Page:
A rate cut in Australia has become more of a chance, especially if markets continue falling and financial pressures urge, as we saw from mid 2008 onwards. Certainly a rate rise is off for months to come, but will the “Rate Rise Looms” mob among local analysts and commentators understand that?
But next week looms as a nasty test of this nervousness in markets with the third estimate of US second quarter economic growth, and surveys of global manufacturing from China, Japan, Australia, the US, Europe and other major economies. But much of these surveys will be a problem for the European and US economies.
Overnight saw a questionable reaction to the first estimate of Chinese manufacturing activity for September, which showed another slight contraction. Suddenly commodity bears appeared out of the woodwork from Goldman Sachs, Citigroup and others and spruiked their wares on Bloomberg.
But they forgot what the HSBC/Markit preliminary China Manufacturing Purchasing Managers’ index, was telling us about China: no real change is the answer, a bit subdued, but still growing strongly.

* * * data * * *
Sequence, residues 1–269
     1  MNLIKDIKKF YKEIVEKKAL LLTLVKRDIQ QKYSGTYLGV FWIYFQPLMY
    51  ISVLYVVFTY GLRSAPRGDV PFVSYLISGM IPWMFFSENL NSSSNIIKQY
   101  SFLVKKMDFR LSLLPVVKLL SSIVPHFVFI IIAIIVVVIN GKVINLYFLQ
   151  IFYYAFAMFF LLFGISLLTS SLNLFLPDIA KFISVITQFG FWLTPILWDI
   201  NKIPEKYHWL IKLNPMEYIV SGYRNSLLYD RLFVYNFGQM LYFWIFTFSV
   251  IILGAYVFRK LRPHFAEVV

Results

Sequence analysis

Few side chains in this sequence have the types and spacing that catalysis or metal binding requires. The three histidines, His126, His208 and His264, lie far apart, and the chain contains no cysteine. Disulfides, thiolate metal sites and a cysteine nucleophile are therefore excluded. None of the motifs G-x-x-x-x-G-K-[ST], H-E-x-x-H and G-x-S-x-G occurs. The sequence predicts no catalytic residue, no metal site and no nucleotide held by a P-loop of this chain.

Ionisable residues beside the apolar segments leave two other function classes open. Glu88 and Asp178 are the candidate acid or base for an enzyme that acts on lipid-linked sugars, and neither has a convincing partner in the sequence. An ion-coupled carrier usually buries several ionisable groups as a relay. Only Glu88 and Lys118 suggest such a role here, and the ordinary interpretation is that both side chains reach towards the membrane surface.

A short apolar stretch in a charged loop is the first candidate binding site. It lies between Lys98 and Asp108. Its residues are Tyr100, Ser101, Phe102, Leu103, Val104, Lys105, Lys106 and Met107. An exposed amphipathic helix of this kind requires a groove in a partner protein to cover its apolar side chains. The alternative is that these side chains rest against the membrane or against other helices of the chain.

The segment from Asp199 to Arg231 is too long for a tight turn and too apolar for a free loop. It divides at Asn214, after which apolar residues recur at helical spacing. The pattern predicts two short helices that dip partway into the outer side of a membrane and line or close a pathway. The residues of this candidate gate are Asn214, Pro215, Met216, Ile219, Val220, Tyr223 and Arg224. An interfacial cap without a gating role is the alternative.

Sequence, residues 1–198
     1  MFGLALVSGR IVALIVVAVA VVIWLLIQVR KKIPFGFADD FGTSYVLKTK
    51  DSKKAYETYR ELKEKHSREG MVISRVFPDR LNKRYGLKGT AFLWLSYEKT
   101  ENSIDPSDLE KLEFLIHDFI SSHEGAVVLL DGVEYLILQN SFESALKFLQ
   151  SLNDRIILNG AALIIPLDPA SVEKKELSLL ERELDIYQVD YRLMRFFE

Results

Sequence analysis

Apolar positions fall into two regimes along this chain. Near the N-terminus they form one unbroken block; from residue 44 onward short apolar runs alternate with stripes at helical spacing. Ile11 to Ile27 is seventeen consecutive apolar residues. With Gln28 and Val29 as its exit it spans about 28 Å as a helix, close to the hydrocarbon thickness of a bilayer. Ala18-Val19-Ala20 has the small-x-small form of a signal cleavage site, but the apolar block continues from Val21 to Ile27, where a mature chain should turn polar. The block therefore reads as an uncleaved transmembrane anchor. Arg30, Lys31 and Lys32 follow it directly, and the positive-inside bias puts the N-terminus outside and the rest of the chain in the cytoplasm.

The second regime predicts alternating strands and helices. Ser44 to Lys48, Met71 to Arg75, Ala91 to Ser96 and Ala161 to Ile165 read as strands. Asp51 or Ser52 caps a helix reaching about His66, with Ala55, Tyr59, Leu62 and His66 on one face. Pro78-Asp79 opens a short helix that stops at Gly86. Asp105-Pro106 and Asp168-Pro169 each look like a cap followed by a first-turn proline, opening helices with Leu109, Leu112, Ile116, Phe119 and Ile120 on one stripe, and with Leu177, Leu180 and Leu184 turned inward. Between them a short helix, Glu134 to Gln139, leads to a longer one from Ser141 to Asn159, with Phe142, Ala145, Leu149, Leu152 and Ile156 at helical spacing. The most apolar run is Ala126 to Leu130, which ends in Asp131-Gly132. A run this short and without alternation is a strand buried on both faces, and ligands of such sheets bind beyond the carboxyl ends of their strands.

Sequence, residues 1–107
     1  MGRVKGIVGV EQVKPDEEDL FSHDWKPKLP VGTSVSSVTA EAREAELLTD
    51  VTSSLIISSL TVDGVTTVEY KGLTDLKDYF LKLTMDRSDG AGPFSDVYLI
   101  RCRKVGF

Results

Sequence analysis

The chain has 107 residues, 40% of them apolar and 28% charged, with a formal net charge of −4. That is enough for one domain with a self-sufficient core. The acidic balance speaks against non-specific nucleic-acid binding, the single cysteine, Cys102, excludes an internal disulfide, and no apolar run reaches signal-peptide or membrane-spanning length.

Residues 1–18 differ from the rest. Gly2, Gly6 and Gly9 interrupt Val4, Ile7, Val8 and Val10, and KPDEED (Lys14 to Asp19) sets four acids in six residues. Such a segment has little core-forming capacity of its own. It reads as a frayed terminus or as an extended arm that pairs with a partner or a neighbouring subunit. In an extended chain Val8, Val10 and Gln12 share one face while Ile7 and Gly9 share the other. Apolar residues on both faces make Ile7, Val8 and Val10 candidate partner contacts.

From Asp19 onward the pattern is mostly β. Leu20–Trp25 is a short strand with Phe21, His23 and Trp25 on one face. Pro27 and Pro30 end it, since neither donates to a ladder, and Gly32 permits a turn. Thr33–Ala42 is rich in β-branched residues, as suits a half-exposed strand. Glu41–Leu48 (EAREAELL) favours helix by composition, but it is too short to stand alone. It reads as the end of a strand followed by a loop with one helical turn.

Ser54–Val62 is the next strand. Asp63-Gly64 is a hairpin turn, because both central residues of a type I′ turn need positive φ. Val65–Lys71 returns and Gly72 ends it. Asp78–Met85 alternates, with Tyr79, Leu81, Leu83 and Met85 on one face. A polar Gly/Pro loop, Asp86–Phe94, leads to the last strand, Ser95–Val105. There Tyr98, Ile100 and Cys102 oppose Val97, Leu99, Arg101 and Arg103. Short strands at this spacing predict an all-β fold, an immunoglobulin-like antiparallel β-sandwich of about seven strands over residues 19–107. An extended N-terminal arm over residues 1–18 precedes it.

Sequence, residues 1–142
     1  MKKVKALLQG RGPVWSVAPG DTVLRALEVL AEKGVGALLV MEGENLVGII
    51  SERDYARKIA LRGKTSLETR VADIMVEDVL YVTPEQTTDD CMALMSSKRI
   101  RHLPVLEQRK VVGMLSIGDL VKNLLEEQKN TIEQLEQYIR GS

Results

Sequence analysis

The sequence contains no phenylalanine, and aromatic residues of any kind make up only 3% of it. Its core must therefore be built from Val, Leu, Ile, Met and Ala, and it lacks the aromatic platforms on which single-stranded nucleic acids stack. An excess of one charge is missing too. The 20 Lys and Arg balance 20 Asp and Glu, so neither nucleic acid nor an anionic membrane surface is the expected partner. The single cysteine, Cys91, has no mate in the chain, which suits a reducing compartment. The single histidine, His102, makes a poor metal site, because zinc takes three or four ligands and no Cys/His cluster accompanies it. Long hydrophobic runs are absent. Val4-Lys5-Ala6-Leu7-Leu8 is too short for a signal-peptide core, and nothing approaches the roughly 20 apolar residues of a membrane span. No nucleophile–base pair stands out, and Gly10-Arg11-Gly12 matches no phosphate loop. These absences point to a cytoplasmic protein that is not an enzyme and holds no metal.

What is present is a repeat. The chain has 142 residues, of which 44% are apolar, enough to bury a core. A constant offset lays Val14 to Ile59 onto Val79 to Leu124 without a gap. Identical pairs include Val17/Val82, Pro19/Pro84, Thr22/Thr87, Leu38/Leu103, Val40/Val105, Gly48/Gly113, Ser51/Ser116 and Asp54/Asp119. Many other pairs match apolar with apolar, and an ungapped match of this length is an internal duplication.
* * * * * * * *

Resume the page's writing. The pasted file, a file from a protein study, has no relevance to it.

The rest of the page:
In fact the so-called “flash” PMI fell to two-month low of 49.4 in September, from 49.9 in August. So it is actually back at July’s level. Gee that’s a shock, but don’t tell the China bears and their tame mouthpieces in broking houses and the media.
“Fears of a hard landing are unwarranted. External demand weakened a little but official trade data still show solid export growth,” said Qu Hongbin, China economist at HSBC said in the usual monthly statement. “Resilient domestic demand is sufficient to support around 8.5-9% growth [in China] in the coming quarters.”
Oh, growth of 8.5-9% in coming quarters? You mean no real change and the solid growth will continue to the end of the year?
That growth rate is eight times what growth in the eurozone would run at next year and seven times as strong as America’s. As the Fed finally conceded this week, the economic and financial pressures in Europe and the US do represent downside risks for the US economy. But for the rest of the world? Only if investors, governments and others lose their heads, as the former seemed to do overnight.